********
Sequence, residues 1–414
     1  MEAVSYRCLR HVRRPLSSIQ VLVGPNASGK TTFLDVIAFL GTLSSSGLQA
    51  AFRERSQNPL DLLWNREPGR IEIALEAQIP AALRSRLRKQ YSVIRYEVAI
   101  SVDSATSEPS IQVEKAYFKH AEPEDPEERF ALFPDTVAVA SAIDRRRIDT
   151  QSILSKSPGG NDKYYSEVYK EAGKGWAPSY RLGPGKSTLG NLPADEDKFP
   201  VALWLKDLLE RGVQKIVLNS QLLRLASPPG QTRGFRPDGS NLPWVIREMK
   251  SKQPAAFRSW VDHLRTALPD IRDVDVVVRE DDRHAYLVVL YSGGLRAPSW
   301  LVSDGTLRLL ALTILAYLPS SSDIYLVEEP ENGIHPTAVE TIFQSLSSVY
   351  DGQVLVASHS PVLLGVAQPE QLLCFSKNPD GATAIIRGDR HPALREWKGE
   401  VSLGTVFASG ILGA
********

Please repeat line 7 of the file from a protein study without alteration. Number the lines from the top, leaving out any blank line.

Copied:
   251  SKQPAAFRSW VDHLRTALPD IRDVDVVVRE DDRHAYLVVL YSGGLRAPSW